After years of refusing to tell people whether or not they were on the federal government's "no-fly list," the Justice Department Oct. 10 notified seven people of their status.
The Obama administration made a miscalculation when it didn't intervene in the Syrian civil war, leading to the emergence of the Islamic State of Iraq and the Levant, said a foreign policy analyst at a recent panel discussion.
A third of the extremists charged since 2001 were turned in by family or community members. Additionally, of the 50 plots against the United States since 9/11, almost half were under surveillance by informants, while only eight were directed by a foreign terrorist organization.
The effectiveness of a Homeland Security Department program designed to deny terrorists, criminals and other ineligible applicants from receiving U.S. visas is unclear, an internal audit found.
A congressional investigator testifyng before a House subcommittee said the Transportation Security Administration is making better progress in screening airline passengers with potentially fraudulent boarding passes than with fake IDs.
Homeland Security Secretary Jeh Johnson recently testified that he's unaware of any plot by the Islamic State of Iraq and the Levant to cross into the United States thorugh Mexico.
Countries that don't give the United States relevant traveler information related to terror threats could be suspended from the U.S. Visa Waiver Program under a proposed House bill. The Homeland Security Department, which oversees the program, will also be required to consider expanding collection of biographical information from foreign applicants.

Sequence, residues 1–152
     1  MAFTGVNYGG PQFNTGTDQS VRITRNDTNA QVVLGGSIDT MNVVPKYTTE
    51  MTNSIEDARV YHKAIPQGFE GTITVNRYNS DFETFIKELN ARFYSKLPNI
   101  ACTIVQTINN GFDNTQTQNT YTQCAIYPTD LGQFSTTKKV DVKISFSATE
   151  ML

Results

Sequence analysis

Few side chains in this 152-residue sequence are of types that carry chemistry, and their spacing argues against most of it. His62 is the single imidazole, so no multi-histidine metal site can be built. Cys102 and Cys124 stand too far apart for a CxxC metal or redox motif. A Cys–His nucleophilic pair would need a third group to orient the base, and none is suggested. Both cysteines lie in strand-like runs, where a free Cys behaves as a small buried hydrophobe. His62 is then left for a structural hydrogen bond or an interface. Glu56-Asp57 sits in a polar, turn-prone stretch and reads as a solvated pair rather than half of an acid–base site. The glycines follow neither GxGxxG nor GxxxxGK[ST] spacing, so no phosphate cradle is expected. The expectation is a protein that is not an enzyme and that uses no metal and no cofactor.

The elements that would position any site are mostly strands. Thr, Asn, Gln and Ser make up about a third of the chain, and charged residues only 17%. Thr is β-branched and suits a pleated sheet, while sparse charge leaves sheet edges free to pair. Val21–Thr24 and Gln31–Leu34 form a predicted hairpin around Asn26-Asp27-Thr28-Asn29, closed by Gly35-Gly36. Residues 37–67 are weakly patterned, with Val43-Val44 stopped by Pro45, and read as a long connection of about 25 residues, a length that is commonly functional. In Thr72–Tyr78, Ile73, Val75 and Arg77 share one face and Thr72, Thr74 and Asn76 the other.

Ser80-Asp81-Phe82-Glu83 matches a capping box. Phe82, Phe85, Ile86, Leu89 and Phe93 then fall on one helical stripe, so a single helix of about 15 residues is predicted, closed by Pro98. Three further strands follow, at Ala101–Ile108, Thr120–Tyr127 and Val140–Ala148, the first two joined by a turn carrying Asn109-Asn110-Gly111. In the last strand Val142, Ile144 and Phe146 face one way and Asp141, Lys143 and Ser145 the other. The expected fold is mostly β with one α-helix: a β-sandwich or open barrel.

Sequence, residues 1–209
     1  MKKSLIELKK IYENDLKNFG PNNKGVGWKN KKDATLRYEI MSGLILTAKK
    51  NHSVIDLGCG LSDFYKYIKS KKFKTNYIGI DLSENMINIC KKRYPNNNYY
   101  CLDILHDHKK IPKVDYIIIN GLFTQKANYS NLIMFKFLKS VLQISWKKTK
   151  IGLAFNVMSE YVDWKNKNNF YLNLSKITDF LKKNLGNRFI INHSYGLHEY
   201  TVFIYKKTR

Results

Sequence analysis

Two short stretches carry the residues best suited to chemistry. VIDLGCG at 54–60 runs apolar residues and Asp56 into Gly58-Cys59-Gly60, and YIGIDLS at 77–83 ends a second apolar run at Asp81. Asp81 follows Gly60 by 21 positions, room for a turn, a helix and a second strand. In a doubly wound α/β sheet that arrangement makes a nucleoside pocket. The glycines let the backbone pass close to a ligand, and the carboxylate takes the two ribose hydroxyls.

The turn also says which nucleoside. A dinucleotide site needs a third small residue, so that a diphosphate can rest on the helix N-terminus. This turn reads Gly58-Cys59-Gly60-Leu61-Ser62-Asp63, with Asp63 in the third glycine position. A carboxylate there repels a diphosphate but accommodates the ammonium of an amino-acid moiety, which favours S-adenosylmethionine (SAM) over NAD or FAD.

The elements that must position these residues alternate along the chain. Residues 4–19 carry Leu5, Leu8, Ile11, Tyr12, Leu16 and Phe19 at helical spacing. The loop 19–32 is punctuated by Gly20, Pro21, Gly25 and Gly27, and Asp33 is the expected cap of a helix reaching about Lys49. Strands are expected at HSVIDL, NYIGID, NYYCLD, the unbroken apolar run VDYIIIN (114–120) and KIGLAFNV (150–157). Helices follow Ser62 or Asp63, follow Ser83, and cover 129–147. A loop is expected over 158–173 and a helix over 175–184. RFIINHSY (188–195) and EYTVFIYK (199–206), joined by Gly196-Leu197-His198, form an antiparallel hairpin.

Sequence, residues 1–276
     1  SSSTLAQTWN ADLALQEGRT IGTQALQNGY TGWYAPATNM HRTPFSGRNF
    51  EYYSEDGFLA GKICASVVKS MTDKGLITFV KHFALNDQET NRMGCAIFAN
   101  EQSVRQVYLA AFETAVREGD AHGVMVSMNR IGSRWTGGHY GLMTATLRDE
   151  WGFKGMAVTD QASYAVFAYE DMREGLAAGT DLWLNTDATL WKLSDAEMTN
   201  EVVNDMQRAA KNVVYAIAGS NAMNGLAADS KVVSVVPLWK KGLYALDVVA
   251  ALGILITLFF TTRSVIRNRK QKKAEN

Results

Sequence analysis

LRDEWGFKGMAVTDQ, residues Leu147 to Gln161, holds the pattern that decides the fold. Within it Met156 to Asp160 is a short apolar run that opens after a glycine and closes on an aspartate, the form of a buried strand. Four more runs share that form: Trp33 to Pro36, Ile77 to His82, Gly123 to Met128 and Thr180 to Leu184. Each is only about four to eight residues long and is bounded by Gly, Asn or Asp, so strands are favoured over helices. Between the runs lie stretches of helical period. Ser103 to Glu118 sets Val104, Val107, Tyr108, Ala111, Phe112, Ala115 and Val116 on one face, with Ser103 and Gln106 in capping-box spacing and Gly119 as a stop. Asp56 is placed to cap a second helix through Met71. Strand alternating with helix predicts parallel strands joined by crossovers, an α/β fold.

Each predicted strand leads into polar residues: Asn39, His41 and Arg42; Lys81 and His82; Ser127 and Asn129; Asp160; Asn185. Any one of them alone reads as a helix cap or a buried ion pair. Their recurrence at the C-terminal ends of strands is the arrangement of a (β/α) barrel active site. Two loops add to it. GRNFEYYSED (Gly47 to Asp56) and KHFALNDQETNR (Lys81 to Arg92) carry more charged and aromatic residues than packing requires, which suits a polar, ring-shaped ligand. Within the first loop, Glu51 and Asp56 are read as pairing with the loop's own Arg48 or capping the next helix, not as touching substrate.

Republicans in the House and the Senate introduced a series of bills last week that would allow the government to strip the passports and citizenship of Americans who join foreign terrorist organizations.
Matthew Olsen, the director of the National Counterterrorism Center, said he expected "nothing like a 9/11-scale attack" from ISIL in the United States. Olsen spoke Sept. 3 during a discussion at the Brookings Institution in Washington, D.C.
The Justice Department's inspector general reviewed those cases and identified 12 individuals who appeared to be detained under potentially questionable circumstances. After an extensive review of each case, the IG concluded that the FBI acted appropriately.